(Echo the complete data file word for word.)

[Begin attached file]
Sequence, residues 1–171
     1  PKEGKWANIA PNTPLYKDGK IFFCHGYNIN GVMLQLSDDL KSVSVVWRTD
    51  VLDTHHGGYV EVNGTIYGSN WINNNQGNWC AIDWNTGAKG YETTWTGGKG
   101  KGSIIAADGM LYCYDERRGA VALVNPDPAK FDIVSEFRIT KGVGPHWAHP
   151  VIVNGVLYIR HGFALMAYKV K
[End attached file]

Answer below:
Sequence, residues 1–171
     1  PKEGKWANIA PNTPLYKDGK IFFCHGYNIN GVMLQLSDDL KSVSVVWRTD
    51  VLDTHHGGYV EVNGTIYGSN WINNNQGNWC AIDWNTGAKG YETTWTGGKG
   101  KGSIIAADGM LYCYDERRGA VALVNPDPAK FDIVSEFRIT KGVGPHWAHP
   151  VIVNGVLYIR HGFALMAYKV K